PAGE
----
All buyers are encouraged to include a building, pest and working order clauses before settling on their new property
Inspections can benefit sellers too - it does show honesty
Most homebuyers and investors feel comfortable having a home inspection done before settling a deal on their new property.
In fact, it is a recommendation to all buyers to include a Building, Pest and Working Order Clause which looks this:
This Offer is Subject to a Building & Pest Inspection Clause in 7 – 10 days
This Offer is Subject to a Working Order Clause for All Electrical, Gas and Plumbing Fixtures and Fittings
REIWA has standard annexures you could obtain from their website or every agency should have their versions of the annexures which could be used to protect your rights as purchasers. Interstate counterparts also have similar information available.
It is important to note then when hiring a third party inspector, we highly recommend them to be licensed and provide examples of their reports prior to engaging their services.
What building inspectors look for
Building inspectors primarily look for signs of problems that could cause structural damage or safety concerns for the prospective buyers.
This may include:
Ceilings and walls will be checked for defects and signs of structural damage or water leakage.
Roof leaks or other defects either by walking on the roof or from a ladder.
Doors, windows, and decks on the outside will be examined for breakages and maintenance.
The attic or roof cavity will also be inspected for similar problems including ventilation and insulation.
The basement and crawl space are an equally important part of the inspection. The foundation walls are inspected to ensure there are no critical weaknesses, signs of water intrusion and other defects.
Driveways and walkways may be inspected.
Proper rainwater disposal with regards to damage on the house’s foundation.
The home’s electrical system for shorts or other wiring problems will also be inspected. They test for proper grounding, capacity and size of the electrical panel, and unsafe wiring materials.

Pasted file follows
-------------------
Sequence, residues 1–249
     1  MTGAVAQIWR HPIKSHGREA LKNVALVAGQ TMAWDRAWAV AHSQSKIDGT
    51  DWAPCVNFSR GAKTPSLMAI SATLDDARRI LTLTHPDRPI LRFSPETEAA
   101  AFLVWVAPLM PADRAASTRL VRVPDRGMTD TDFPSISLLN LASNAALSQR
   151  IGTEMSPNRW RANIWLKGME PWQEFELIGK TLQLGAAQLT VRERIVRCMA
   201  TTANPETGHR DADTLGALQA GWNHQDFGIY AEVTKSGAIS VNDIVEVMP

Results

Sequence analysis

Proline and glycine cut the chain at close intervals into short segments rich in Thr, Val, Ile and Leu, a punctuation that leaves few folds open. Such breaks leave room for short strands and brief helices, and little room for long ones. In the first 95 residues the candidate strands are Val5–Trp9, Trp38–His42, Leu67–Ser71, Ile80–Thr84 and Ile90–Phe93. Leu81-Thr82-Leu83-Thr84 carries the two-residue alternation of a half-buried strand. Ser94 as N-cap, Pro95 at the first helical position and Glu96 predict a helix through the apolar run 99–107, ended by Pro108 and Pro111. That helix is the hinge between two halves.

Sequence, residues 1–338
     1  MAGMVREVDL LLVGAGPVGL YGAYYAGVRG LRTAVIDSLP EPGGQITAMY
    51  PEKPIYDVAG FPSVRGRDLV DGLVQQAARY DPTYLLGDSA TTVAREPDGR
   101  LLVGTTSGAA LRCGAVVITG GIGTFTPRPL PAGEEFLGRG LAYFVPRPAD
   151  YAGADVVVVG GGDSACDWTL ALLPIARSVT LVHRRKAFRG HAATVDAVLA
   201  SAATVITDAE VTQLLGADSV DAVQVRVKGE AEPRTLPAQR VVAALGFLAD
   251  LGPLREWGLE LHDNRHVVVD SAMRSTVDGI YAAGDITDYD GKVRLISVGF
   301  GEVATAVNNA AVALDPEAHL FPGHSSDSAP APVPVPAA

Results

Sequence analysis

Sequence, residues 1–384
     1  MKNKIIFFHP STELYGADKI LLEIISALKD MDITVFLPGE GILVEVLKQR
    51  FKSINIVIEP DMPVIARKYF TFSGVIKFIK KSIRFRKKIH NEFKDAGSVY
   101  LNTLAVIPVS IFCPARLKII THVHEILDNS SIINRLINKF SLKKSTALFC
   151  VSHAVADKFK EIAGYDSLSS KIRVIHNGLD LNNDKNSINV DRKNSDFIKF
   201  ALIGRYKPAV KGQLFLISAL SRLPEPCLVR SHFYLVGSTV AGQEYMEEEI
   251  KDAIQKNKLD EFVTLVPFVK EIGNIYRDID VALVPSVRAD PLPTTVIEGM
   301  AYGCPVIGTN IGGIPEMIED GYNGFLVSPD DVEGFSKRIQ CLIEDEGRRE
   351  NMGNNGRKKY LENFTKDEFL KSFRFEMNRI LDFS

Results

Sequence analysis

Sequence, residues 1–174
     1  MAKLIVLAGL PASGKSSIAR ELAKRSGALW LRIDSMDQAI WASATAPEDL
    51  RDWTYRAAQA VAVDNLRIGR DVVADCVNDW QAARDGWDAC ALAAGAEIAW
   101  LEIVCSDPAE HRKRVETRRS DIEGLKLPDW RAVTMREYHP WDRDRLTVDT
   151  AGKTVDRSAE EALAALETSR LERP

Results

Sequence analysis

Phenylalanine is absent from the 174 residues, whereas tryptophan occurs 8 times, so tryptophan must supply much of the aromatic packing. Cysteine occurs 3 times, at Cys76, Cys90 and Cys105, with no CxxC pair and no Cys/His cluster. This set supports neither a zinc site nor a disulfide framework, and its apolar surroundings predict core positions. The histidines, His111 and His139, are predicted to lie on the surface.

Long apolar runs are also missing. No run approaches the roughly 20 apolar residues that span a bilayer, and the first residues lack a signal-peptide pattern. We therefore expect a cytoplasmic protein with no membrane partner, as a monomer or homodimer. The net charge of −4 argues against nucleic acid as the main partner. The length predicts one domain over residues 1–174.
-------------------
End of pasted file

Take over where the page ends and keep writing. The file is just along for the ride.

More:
They will inspect all fixtures, toilets, and drains for damage and proper function.
Heating and air conditioning systems will be checked for functionality and safety. They determine whether or not heating and cooling are distributed to all areas that they should be.
Why have a structural inspection done? (a seller’s perspective…)
A structural inspection helps to ensure that the sale of your home goes smoothly.
The inspector will thoroughly check out your home and notify you of any problem areas that need rectifying or touching up.
This goes a long way in helping you stage your home to its best advantage.
All areas that need fixing will be pointed out and hence make your work easier in having them upgraded or styled up for best value before putting your house on the market.
With a structural report in hand, the seller portrays honesty and good will. A bad, or worse, no inspection can be a deal-breaker for potential buyers since it can give the impression of dishonesty on the seller’s part, even if the seller was genuinely unaware of the problems at hand.
If the property is not sold “ AS IS “ which is generally the case with the auction strategy, then it will be subject to building, pest and working order clause.
In knowing the shortfalls of the home such as major structural concerns, termite infestation and non working chattels and appliances in the home – you can prepare for the most vital part of the sale, the remaining funds in your back pocket to take you to the next stage of your life.
A home inspection is of great importance both to the buyer as well as to you the seller since it reduces many headaches and makes your home staging and home pricing much easier to do. It also assures that you get the best and true value of your home from the sale.
First Published on The Property Tribune, see article here